District 2 school board member Richard McElrath said Thursday he moved out of his longtime home in that district during a period of family turmoil but has been spending nights there for the last couple of months, since he decided to run for re-election.
But McElrath said he and his wife are now living in the District 2 house off Beatties Ford Road, where he's registered to vote.
That qualifies him to continue representing District 2, which covers west and southwest Charlotte, says Mecklenburg County elections director Michael Dickerson (see a map of school district zones here). "Residency is where they plan to return when they leave," Dickerson said. McElrath's situation "sounds fine to me," he said.
Don Wright, general counsel for the N.C. Board of Elections, agrees (read a 12-page report on N.C. voter residency requirements here).
|McElrath's District 1 house|
When McElrath ran for school board in 2009, there were rumblings about his having a house outside the district. McElrath said at the time he was fixing up the lake house as a weekend place. No one has ever filed a challenge to McElrath's District 2 residency, Dickerson said.
I visited both homes this week and asked McElrath about his living arrangements as part of the backgrounding we do on candidates for public office. I found no one home at either location, but saw McElrath campaign signs stashed outside and two dogs in a fenced enclosure at the District 1 house.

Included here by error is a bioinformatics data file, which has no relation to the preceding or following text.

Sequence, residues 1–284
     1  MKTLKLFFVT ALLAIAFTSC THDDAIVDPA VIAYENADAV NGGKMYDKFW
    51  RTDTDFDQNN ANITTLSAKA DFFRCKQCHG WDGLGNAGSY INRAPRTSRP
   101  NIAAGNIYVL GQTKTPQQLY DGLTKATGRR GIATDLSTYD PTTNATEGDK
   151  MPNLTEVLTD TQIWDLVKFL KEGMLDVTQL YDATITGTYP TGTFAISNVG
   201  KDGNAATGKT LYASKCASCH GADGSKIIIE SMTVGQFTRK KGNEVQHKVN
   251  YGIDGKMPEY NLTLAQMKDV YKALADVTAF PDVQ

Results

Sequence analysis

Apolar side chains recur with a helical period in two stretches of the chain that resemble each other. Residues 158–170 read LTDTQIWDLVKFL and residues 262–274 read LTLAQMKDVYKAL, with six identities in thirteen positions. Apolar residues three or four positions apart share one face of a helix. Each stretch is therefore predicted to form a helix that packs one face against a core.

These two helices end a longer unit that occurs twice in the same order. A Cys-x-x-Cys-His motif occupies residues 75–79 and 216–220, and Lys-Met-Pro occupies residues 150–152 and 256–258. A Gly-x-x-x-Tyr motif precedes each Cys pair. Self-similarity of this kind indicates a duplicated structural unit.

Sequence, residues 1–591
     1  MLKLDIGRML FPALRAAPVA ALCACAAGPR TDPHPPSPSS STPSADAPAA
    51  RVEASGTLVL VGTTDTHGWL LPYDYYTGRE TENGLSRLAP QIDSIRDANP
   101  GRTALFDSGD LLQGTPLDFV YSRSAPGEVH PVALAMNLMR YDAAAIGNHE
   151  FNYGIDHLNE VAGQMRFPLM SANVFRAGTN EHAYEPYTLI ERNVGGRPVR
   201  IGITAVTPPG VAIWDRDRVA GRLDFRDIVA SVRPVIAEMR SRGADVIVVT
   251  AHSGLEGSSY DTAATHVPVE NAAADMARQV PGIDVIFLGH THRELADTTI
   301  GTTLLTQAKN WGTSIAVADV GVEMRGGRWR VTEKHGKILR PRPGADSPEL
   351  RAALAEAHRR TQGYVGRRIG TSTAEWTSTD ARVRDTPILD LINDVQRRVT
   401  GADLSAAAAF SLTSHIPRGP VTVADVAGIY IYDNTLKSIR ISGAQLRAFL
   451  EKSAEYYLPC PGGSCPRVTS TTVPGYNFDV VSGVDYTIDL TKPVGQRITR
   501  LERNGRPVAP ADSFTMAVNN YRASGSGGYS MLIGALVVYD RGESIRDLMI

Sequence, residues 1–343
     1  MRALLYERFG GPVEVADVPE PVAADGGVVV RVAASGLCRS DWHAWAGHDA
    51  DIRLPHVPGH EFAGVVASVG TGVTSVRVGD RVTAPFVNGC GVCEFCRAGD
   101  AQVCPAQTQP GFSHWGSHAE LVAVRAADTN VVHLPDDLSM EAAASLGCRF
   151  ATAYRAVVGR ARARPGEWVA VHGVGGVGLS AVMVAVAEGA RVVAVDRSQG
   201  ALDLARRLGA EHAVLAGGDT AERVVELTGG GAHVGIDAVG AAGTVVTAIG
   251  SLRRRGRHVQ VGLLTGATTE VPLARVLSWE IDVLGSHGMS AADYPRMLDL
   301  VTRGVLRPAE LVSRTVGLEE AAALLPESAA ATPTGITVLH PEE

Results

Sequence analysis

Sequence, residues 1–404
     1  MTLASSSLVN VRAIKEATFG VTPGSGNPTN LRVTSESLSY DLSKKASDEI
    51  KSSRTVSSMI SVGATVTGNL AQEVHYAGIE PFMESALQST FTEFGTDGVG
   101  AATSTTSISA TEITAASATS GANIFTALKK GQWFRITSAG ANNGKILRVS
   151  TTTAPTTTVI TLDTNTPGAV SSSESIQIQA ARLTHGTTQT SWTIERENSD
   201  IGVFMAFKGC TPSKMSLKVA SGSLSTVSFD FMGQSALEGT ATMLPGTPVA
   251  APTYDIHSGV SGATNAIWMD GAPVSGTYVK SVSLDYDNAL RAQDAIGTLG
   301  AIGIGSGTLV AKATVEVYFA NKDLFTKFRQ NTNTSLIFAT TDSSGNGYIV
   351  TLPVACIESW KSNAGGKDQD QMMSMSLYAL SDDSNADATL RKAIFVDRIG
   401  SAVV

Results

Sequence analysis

|Campaign signs at lake house|
Residency questions aren't uncommon in local races. Charlotte City Councilman James Mitchell, who was defeated in the Sept. 11 Democratic mayoral primary, told the Observer shortly before the primary that he had moved out of the home in District 2, which he represents, and into a new house in the city's District 4. No one has formally challenged his eligibility to serve out his District 2 term.
In 2003, Vilma Leake faced a challenge from County Commissioner Bill James and other residents about her eligibility to represent District 2 on the school board. Leake, who is now the county commissioner for District 2, owned a home in District 6 and rented an apartment in District 2 at the time. The Mecklenburg Board of Elections held a hearing and ruled in Leake's favor.
McElrath will face Thelma Byers-Bailey, a first-time candidate and resident of Charlotte's Lincoln Heights neighborhood, in the Nov. 5 election.